Zimbabwe: Even after Mugabe, Zimbabwe’s elections do not appear free or fair | The Washington Post

On July 30, for the first time since 1980, Zimbabwe held general elections without Robert Mugabe on the ballot. Many Western donor countries have had sanctions on Zimbabwe since 2002 because of the government’s political repression and human rights abuses — and promised to lift these once the country held free and fair elections. But free and fair do not appear to apply. Officially, President Emmerson Mnangagwa — a former Mugabe lieutenant who grabbed power in a November 2017 coup — won with 50.8 percent of the vote, narrowly avoiding a runoff election. And his ruling ZANU-PF party won a two-thirds majority of 149 seats in parliament’s lower house, permitting it to amend the constitution at will. But those results are disputed. International election observers have pointed to irregularities. The opposition party has challenged the results, and the Constitutional Court must rule by Friday.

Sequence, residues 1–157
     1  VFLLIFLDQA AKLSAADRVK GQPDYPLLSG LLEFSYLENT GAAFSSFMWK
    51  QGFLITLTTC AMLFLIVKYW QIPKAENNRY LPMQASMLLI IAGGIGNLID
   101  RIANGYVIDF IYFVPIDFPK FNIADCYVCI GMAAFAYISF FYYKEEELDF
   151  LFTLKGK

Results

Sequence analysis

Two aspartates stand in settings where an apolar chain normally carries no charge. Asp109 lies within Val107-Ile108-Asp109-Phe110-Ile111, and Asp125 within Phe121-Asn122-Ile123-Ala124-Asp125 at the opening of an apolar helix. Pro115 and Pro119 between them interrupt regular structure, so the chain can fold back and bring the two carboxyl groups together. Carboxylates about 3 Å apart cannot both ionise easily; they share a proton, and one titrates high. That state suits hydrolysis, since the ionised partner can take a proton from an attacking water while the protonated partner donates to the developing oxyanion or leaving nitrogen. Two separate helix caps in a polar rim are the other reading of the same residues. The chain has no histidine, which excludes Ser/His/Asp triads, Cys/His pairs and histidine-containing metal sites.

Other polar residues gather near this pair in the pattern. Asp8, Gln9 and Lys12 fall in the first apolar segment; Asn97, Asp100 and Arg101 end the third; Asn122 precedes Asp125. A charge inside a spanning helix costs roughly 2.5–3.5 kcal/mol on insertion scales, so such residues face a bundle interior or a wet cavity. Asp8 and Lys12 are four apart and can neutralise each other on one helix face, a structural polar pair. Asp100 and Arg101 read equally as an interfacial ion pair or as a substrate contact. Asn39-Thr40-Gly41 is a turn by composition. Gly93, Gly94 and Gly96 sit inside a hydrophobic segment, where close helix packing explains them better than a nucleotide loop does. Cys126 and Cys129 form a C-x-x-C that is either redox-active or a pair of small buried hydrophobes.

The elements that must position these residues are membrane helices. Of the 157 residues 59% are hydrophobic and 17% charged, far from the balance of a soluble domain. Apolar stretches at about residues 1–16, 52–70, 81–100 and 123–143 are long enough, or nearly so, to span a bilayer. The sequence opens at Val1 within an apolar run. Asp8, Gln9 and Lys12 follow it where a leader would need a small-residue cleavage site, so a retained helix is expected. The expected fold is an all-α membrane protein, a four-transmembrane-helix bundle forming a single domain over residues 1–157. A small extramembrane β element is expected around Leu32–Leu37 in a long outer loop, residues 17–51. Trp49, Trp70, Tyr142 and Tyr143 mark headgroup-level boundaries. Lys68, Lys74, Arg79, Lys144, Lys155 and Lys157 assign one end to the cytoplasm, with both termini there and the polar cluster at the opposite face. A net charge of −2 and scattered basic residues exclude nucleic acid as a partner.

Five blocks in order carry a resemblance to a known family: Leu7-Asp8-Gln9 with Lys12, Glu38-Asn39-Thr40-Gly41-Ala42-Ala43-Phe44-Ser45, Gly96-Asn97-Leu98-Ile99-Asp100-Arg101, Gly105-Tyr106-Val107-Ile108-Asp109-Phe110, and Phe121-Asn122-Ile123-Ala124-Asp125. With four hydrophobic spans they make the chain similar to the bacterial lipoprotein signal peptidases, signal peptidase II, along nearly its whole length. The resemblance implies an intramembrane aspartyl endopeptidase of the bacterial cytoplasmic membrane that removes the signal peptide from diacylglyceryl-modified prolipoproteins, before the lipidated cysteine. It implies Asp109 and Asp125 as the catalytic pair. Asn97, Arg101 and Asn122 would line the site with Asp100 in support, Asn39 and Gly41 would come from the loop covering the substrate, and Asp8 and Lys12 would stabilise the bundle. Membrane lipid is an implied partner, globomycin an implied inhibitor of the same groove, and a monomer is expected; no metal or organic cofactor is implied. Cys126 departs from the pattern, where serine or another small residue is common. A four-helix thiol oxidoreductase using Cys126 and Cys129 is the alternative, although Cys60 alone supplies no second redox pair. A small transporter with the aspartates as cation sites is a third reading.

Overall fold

Full Article: Even after Mugabe, Zimbabwe’s elections do not appear free or fair - The Washington Post.

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